In the words of Nets guard Sean Kilpatrick, the Houston Rockets “have a license to shoot, and everyone is a threat.”
That was the perfect description of a team that everyone in the NBA has had trouble containing, and it turned out to be an impossible task for the Nets, who were outgunned, 137-112, Sunday night at Barclays Center.
It was the 10th straight loss for the Nets, who allowed a season-high number of points by an opponent for the second straight game after giving up 132 Friday night in Toronto.
The Nets tied a franchise record set in the opener with 44 three-point attempts, and the Rockets also took 44 threes for a total of 88, tying an NBA record. The difference was that the Rockets made 21 to the Nets’ 15 for an 18-point differential, and they also made 24 of 32 free-throw attempts to the Nets’ 15 of 19. It was a combination of lethal outside and inside scoring the Nets simply couldn’t match.
“We just could never stop them,” coach Kenny Atkinson said. “I don’t think we stopped them the whole night. I think we tried a lot of different things, tried changing coverages, and couldn’t find a solution. Potent, powerful offensive team. We couldn’t find the defensive switch . . . There really was no point in the game where I felt that we had them under control.”
Atkinson is a disciple of the playing style pioneered by Houston coach Mike D’Antoni from his days as an assistant under D’Antoni with the Knicks. The problem Atkinson faces is that it will be a long time before he and general manager Sean Marks can put together a cast remotely comparable to James Harden and company.
Harden had a triple-double with 22 points, 11 rebounds and 11 assists and the Rockets (32-11) had two other 20-point scorers in Eric Gordon (24) and Trevor Ariza (23). The Nets (8-32) played without center Brook Lopez, who was rested for the fourth time this season, and were led by Trevor Booker, who had 18 points, and Rondae Hollis-Jefferson, who had 14 points and seven rebounds off the bench.
Without Lopez, the Nets went to a small lineup for much of the time and got up and down the floor with Houston during a frantic first half that ended with the Rockets ahead 74-66. It was the most points given up in a half by the Nets this season.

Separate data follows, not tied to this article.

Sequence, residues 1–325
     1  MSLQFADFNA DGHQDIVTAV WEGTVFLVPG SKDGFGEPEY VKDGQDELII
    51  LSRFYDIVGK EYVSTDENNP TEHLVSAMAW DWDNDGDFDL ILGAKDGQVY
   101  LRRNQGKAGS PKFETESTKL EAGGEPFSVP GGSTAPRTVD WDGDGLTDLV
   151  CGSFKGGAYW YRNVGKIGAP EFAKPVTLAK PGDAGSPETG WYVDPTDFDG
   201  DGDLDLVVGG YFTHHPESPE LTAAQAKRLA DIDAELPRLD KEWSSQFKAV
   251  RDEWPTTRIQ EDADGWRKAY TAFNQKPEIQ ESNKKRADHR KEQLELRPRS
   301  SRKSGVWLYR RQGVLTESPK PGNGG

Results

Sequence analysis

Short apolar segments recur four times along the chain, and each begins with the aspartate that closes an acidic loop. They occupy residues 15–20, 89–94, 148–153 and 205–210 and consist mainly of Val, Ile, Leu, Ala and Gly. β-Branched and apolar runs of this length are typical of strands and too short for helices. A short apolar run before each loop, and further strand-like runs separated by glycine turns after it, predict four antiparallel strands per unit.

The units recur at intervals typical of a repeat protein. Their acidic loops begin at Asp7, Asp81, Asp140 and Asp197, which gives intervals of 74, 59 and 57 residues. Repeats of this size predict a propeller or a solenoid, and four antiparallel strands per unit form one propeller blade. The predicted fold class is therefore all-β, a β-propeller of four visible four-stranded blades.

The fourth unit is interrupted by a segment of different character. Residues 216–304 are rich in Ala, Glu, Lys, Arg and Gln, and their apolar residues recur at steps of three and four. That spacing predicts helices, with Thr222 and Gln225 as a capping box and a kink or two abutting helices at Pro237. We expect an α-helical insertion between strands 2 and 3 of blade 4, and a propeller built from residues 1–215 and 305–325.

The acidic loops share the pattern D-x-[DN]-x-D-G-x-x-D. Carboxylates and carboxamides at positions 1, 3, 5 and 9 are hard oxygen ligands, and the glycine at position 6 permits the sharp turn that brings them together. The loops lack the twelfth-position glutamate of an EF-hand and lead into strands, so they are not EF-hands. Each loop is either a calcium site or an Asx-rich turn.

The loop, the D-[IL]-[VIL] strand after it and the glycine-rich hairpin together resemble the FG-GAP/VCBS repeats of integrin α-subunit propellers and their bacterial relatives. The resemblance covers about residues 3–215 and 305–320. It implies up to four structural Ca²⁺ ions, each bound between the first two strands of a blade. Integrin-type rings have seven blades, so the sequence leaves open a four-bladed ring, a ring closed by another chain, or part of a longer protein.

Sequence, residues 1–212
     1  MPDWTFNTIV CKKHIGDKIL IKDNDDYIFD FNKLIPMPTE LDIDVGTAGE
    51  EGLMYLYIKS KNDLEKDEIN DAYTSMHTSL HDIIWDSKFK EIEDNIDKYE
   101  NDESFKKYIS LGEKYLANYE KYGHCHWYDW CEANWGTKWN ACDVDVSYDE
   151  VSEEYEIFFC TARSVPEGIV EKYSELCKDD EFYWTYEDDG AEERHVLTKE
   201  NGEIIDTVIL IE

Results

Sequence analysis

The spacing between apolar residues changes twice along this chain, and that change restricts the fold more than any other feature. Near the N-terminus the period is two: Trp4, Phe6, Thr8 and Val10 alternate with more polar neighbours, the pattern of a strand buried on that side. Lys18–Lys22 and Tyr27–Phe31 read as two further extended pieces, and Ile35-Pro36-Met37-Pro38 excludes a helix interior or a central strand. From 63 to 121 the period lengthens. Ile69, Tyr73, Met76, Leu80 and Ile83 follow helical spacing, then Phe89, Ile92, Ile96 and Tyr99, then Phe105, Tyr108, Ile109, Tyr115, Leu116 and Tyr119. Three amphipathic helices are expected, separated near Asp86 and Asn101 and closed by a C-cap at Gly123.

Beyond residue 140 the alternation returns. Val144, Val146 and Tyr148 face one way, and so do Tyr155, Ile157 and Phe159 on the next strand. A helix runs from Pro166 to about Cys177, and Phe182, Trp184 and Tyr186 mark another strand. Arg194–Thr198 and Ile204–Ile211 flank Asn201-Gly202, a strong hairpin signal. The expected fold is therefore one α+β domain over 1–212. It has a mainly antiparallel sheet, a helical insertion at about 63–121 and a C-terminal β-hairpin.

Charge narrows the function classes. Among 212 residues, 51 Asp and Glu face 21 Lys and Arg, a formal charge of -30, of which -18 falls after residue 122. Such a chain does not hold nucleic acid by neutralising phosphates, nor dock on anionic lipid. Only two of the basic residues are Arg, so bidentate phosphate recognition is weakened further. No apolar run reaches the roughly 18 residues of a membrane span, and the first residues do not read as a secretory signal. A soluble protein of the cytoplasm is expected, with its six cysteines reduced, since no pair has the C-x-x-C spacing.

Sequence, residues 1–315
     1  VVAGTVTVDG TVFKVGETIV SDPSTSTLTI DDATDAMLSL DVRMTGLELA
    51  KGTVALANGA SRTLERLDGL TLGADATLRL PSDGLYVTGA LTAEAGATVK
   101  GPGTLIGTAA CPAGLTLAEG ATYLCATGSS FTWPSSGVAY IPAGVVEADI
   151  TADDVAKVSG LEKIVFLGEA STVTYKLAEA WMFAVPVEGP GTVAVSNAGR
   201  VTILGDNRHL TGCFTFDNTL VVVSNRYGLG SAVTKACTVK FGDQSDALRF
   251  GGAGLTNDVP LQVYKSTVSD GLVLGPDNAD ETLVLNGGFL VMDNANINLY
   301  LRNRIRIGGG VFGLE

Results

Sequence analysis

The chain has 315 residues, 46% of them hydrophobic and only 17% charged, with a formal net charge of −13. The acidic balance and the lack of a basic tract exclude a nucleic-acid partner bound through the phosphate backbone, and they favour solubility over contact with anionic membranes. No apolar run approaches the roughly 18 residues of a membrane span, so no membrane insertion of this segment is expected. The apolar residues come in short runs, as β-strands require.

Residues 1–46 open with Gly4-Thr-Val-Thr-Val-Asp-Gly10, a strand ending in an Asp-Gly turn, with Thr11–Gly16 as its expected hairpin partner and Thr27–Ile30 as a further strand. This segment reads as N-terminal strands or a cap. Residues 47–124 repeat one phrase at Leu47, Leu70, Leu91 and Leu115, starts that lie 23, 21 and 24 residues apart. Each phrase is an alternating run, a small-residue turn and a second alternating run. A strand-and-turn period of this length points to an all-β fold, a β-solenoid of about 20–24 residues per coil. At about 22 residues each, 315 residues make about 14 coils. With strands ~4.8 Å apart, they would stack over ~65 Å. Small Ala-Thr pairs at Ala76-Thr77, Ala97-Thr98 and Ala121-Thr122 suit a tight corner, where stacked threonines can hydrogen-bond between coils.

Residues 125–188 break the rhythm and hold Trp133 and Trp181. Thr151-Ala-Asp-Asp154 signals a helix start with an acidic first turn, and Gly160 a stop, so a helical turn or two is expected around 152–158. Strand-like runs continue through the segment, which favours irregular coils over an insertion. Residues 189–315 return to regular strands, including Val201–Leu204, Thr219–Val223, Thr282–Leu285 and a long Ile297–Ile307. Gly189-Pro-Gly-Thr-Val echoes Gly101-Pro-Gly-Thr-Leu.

“They were really trying to get it out and push,” said Joe Harris, who had 12 points but shot 2-for-8 from three-point range. “They wanted to get into an offensive match with us to try and outshoot us, really, and they did exactly that. They kind of lull you into taking shots that are a little bit uncharacteristic and a little bit out of the offense. But it fell back on us trying to limit them in transition defense.”
Harris was surprised to learn the teams took 88 threes. “It’s pretty crazy,” he said. “You could tell early on that the pace of the game was really quick. But guys were taking clean looks with room and rhythm, which is what you want.”
It was an entertaining display, but the fun went out of it for the Nets when the Rockets went on a 13-0 run early in the third quarter to take an 87-68 lead. From there, the Nets never got closer than 12 points.
“In the first three minutes of the third quarter, they came out and punched us,” said Kilpatrick, who had a 2-for-11 shooting night. “That’s how it normally is when teams feel we’re a threat.”
D’Antoni lauds Atkinson. D’Antoni hopes Atkinson gets time to prove himself. “He’s a very good coach, and hopefully he gets a chance,” D’Antoni said. “A lot of coaches are in a position where they just don’t have a chance — not yet. If you hang in there, he’s a good coach, and he’ll get over the hump.”
Before the game, D’Antoni was asked about how his approach to high-octane offense, which was derided by some when he coached the Knicks for 3 1⁄2 seasons, has become the flavor of the moment in the NBA. Cutting off the question to make a joke at his own expense, D’Antoni said, “The way that got me fired?
“It’s always nice to know you’re not completely crazy when you’re doing things. It’s just the way I thought we should play and the way I thought the game should look. You do have to have the players and the talent and the management, and everybody’s got to go on line — the star players, the coaches, the management and the owner.”
Atkinson certainly is a disciple of the up-tempo, spread offense that relies on threes and layups.
“A lot of people said that offense changed the way the game is played,” Atkinson said of D’Antoni. “It was a shock to all of us, him coming into the league with that Phoenix team and playing the way he did and not posting up and keeping the floor spread. I compare it to the NFL when they went to spread offenses.
“I think Mike was ahead of the game even before analytics. That’s the most impressive thing. He figured it out before the rest of us figured it out. He figured out the value of the three-point shot. Everybody thinks Mike is threes, threes, threes. He likes layups just as much, and free throws.”